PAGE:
For the prejudice against the Jews which caused some people not to live up to their professed Christianity during the Holocaust, the Pope expresses sorrow. For anti-Semitism on the part of the Church neither he nor anyone else can apologize, because it does not and never did exist in the Church. When we hear, therefore, that the Holocaust happened because the Europeans were Christians, we can only reply that the Holocaust happened because they were not as Christian as they should have been.
Anti-Semitic and Anti-Christian
The term “Aryan” originated with the occult visions of a woman named Helena Blavatsky, who envisioned human history in terms of the ascendancy of one occult group after another. During our times, the Aryan race was supposed to be on top. Hitler, in his youth, abandoned the Catholic teachings of his upbringing in order to embrace this alternate worldview. He then politicized it, identifying “Aryan” traits with German ones, and the rest, unfortunately, is history.
There was no confusion on his part or his followers that their Nazi outlook was at utter variance with the traditional Judeo-Christian one. “Two fronts are clear. One is called Christianity, the other Germany. There is no third,” declared the Nazi handbook Gott und Volk in 1942.
There is also no compromise. We Germans have been called upon by Fate to be the first to break with Christianity. It is an honor. A thousand blows tie us to the Christian belief, but one blow will make us free. To make ourselves strong and ripe for this step, is our task of holiest obligation. . . . The age of Christian civilization is past. Only German civilization has anything to say. We are Germans. Therefore we cannot be Christians.3
On this point, their testimony concurs with that of the Magisterium of the Roman Catholic Church. Mit Brennender Sorge, an encyclical of Pope Pius XI, made it clear in no uncertain terms that the religion of blood and race being spread by the National Socialists was in utter conflict with Christianity and condemned by the Church. Pius XII bluntly called Nazism a “satanic spectre.”
The anti-Semitism that led to the Holocaust did not spring from Christian sources, but from apostasy. It wasn’t that the Church and Nazism were aligned against the Jews, but that Nazism was aligned against both Judaism and Christianity. The frequently ignored Christian victims of the gas ovens attest to this fact. As “We Remember” puts it,
The Shoah was the work of a thoroughly modern neo-pagan regime. Its anti-Semitism had its roots outside of Christianity and, in pursuing its aims, it did not hesitate to oppose the Church and persecute her members also.
A thoroughly modern allegation
The charges of Holocaust-inducing anti-Semitism on the part of the Roman Catholic Church have dubious historical origins. They did not come about at all until the notorious 1963 play The Deputy by Rudolph Hochhuth, almost 20 years after the war ended. At the time of the second World War, the Church and especially her spiritual head Pope Pius XII were widely acclaimed as having opposed Nazism heroically. So if those who lived through the time of the Holocaust didn’t blame the Church for it, and if our Holy Father Pope John Paul II has now apologized for any residual anti-Judaism which may inadvertently have fostered it, what more do contemporary Church critics want?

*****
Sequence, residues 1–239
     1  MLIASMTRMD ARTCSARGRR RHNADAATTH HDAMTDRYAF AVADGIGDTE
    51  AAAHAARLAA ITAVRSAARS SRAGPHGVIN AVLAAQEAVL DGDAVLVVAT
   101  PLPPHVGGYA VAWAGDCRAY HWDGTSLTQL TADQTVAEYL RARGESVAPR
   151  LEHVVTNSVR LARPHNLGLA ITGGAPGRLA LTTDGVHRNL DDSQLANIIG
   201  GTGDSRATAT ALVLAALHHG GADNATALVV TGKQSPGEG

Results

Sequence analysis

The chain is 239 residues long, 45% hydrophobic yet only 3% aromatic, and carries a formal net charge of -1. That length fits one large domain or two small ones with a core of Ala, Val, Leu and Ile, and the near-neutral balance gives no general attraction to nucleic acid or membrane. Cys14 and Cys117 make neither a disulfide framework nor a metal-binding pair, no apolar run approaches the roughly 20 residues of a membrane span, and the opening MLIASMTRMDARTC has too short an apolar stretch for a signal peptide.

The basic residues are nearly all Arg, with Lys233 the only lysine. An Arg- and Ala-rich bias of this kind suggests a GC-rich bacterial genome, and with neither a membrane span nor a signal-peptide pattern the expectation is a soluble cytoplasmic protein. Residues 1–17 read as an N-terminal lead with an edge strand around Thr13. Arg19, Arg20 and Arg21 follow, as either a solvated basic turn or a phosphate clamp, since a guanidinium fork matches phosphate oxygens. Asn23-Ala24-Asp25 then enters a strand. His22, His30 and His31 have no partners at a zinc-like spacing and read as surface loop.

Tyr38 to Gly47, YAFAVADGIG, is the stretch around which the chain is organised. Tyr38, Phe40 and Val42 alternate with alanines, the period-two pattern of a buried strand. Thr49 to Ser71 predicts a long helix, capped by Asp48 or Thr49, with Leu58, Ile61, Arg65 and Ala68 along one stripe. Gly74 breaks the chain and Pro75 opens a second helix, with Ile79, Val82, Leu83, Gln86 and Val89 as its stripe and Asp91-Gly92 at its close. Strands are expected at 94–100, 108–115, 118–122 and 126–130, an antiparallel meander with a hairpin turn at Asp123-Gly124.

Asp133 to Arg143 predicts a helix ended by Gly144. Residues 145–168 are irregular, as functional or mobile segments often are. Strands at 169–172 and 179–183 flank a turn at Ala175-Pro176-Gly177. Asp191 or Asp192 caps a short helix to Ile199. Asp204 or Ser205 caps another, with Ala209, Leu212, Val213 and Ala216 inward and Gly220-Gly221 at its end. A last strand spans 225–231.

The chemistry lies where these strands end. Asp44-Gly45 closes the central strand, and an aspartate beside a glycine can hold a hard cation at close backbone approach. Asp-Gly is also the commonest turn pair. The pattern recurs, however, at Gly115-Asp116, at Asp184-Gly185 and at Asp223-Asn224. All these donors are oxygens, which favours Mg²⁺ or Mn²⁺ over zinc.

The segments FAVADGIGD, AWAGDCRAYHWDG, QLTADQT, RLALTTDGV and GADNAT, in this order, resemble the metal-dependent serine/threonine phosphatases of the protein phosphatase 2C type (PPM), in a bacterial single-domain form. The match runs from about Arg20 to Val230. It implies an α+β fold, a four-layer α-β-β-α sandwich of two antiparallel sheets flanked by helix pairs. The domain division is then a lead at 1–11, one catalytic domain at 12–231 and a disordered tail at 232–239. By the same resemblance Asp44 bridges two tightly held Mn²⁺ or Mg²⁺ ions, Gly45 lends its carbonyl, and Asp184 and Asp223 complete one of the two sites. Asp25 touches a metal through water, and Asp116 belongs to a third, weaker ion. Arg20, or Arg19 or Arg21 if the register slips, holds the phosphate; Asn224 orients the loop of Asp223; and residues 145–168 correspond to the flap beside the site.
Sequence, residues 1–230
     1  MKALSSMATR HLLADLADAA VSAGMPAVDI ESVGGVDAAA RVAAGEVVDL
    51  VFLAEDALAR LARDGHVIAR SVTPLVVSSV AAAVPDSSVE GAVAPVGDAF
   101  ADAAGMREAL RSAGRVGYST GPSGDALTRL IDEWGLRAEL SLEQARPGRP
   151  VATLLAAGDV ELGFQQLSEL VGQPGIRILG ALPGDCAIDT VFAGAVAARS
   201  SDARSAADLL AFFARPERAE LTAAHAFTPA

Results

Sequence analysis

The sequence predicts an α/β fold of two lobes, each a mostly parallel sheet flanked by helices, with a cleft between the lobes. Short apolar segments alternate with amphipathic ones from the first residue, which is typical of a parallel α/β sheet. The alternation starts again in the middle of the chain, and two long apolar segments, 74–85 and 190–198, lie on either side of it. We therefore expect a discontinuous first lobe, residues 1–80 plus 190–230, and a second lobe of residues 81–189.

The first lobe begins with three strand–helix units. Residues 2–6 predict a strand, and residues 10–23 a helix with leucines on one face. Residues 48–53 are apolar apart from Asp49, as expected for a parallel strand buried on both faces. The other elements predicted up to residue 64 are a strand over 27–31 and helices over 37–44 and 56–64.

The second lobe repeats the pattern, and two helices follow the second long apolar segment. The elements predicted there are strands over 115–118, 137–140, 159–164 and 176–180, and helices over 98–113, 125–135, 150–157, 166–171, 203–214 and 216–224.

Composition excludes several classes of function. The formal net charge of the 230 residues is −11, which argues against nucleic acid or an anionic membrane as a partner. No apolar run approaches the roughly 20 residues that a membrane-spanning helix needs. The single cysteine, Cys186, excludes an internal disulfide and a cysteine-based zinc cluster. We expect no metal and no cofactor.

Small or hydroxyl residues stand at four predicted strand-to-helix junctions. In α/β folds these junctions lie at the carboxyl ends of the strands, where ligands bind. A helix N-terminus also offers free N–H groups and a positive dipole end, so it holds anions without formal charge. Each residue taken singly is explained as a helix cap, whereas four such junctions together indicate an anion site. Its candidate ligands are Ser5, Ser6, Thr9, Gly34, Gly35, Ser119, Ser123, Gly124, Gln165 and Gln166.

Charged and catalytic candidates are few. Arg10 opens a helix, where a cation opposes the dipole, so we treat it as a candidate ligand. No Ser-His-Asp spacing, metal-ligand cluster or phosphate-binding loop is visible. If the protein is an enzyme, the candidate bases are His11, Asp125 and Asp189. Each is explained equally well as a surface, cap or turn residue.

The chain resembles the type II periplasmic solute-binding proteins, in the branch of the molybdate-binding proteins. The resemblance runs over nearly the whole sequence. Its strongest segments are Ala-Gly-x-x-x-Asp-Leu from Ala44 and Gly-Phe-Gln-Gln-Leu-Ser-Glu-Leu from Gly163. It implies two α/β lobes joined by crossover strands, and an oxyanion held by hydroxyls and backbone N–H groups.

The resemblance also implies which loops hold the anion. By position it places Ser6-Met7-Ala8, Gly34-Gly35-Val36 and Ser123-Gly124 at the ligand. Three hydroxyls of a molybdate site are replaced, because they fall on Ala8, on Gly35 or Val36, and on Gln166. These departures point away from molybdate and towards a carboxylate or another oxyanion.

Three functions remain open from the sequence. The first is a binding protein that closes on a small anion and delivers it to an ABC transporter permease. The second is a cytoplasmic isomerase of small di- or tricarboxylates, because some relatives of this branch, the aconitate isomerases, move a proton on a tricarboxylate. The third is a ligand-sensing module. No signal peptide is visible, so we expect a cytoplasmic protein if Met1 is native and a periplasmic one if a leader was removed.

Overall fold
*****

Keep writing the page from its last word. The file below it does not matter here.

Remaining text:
Today’s charge of anti-Semitism on the part of Roman Catholicism must be understood, and responded to, in its contemporary context. What its proponents want is an admission that the Church cannot make. They want an admission that the Church is intrinsically decrepit and fallible. For this reason, their charge of anti-Semitism cannot really be answered at all.
Take the neologism “homophobic” as an analogy here. One would think the term referred to someone who dislikes and discriminates against homosexual persons. Today, however, it usually means someone who holds as a religious principle that homosexual activity is morally wrong. Someone believing this could work in AIDS hospices, take sufferers into his own home, and approach the self-sacrifice of Mother Teresa in assisting homosexuals in every sort of trouble. If he persisted in these acts of mercy, all the while holding homosexual activity to be wrong, he would be labelled “homophobic.” To change his label, he would have to change his religious beliefs. Despite the intimidation that accompanies the label, it is ludicrous to change a religious conviction just because others call him nasty names.
Something similar is going on with the term “anti-Semitic.” It seems to mean a person who dislikes and discriminates against the Jews, but this is not the case at all. Now, like “homophobic,” it means a person who holds to orthodox Christian tenets. Take the case of St. Maximilian Kolbe as an example. There is abundant and uncontested evidence that he and his friars reached out to Jews and other refugees in pre-war Poland, and that Kolbe in the camps ministered to all alike. One young Jewish boy remembers Kolbe treating him as if he were his own son. Yet we still hear St. Maximilian accused of “anti-Semitism” in the popular press.
In other words, Catholic “anti-Semitism,” like Catholic “homophobia,” is becoming an unanswerable charge. As the surrounding culture of death increasingly defines Catholic belief itself in these untrue and unbecoming terms, it is impossible to avoid the labels without apostasizing. This, of course, we cannot do. We must adhere to the full truth taught by Jesus Christ and proclaim that truth to the culture around us. This truth witnesses to the Gospel of Life and opposes the culture of death.
In this way we will not only set the record straight about the Holocaust of the Nazi era, but we also will oppose the holocaust of abortion in the strongest and only possible terms.
Valois, Helen M. “Anti-Judaism vs. Anti-Semitism Was Christianity Itself Responsible for the Nazi Holocaust?” Lay Witness (October, 1998).
Reprinted with permission of Lay Witness magazine.
Lay Witness is a publication of Catholic United for the Faith, Inc., an international lay apostolate founded in 1968 to support, defend, and advance the efforts of the teaching Church.
Helen Valois, a frequent contributor to Lay Witness, writes from Steubenville, OH.
Copyright © 1998 LayWitness